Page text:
Carter Williamson was involved in the tutoring and judging of sustainable house designs and models produced by the students as part of the STEM program.
This relationship led to the installation of an Educational Model of GRID, our pre-fabricated sustainable housing solution, in the school to deepen the students understanding of what it means to be sustainable.
In this application, GRID was known to the students as ‘Sustainable House’.
GRID is not a shipping container, or refrigeration panels. It has material and spatial quality that separate it from other prefabricated buildings on the school grounds. Above all GRID is joy. It is our hope that this will inspire the students, encourage them to think more sustainably, and lead to a demand for better pre-fabricated classrooms.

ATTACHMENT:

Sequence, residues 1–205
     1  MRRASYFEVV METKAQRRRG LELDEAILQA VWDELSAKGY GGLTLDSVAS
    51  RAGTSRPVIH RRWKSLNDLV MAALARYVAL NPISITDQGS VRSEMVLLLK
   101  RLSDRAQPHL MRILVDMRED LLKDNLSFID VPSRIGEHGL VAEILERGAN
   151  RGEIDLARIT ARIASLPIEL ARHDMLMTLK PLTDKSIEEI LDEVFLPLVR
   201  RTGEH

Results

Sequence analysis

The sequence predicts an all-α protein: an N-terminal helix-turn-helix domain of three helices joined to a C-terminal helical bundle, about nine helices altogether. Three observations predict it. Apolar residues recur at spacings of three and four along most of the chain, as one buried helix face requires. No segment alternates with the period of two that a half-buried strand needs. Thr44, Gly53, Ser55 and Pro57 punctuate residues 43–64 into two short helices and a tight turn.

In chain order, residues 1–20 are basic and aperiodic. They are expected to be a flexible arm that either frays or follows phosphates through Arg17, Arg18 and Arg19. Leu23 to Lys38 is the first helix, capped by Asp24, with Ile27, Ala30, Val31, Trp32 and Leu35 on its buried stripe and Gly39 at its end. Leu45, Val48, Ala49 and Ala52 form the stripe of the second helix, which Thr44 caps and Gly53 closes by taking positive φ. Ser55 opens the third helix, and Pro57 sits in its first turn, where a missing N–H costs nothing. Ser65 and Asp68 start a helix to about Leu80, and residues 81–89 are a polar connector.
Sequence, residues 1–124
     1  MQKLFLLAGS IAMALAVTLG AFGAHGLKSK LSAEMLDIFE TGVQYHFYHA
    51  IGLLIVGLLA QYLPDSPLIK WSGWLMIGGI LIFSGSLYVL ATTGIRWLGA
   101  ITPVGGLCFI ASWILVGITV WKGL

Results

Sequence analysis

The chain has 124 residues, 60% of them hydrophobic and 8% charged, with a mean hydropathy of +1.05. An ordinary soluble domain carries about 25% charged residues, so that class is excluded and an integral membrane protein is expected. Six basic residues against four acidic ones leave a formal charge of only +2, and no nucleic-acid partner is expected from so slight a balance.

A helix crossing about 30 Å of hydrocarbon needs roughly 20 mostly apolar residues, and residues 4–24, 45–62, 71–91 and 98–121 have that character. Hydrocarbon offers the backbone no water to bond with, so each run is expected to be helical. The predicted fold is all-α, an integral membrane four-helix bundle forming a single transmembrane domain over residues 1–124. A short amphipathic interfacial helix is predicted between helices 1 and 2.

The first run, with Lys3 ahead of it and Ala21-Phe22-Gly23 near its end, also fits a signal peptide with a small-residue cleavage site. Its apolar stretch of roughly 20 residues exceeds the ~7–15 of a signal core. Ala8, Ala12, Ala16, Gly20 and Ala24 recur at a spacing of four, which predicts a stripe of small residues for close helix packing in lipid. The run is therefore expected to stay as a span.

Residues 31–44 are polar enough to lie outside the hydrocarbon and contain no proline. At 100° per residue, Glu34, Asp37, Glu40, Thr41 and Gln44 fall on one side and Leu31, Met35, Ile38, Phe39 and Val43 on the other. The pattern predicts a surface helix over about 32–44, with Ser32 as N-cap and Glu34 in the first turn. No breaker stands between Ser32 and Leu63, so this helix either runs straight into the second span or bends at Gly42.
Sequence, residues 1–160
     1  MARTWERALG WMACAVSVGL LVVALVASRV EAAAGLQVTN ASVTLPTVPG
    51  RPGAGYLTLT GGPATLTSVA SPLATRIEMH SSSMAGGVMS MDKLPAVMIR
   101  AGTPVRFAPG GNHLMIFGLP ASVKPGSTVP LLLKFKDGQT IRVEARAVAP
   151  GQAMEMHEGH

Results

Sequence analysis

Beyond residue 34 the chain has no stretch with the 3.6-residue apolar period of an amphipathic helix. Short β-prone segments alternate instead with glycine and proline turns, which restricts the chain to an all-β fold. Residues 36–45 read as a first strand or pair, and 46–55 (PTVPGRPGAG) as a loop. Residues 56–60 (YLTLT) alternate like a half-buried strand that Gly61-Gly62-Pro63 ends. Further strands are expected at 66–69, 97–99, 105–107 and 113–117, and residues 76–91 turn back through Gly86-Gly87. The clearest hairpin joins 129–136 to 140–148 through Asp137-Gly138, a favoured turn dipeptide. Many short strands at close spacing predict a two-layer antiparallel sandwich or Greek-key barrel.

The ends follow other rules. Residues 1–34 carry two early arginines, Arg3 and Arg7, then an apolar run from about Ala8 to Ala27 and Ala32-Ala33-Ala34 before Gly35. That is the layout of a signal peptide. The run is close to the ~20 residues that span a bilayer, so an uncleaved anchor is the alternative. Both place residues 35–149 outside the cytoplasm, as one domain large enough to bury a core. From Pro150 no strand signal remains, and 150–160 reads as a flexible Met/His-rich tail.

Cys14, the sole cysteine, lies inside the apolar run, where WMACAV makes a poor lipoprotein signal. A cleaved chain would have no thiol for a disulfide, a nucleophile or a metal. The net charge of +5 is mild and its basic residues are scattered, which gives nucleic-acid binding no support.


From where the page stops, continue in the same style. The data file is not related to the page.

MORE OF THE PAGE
GRID Sustainable House was installed one Saturday morning, and will be formally opened by the school with a special event where the schools string quartet will play. Sustainable House will be used as part of the STEM program to engage the students in sustainability, and challenge the typical notion of home, as well as a classroom.
GRID offers a tangible 1:1 model, which the students can engage with to supplement current sustainability principles taught in the curriculum.
In a world increasingly challenged by man-made and natural disasters, GRID was initially developed as a sustainable housing prototype, which can be assembled quickly and transported cheaply and easily to diverse and remote locations. This same methodology has been applied here in an education setting where quick and efficient construction reduces the impact on students and school grounds.
True to its claims, the prototype, gradually refined was recently assembled on site in one Saturday morning (repeat). In community contexts, GRID can be arrayed in different configurations to respond to the specific contextual and administrative requirements of family, culture or work.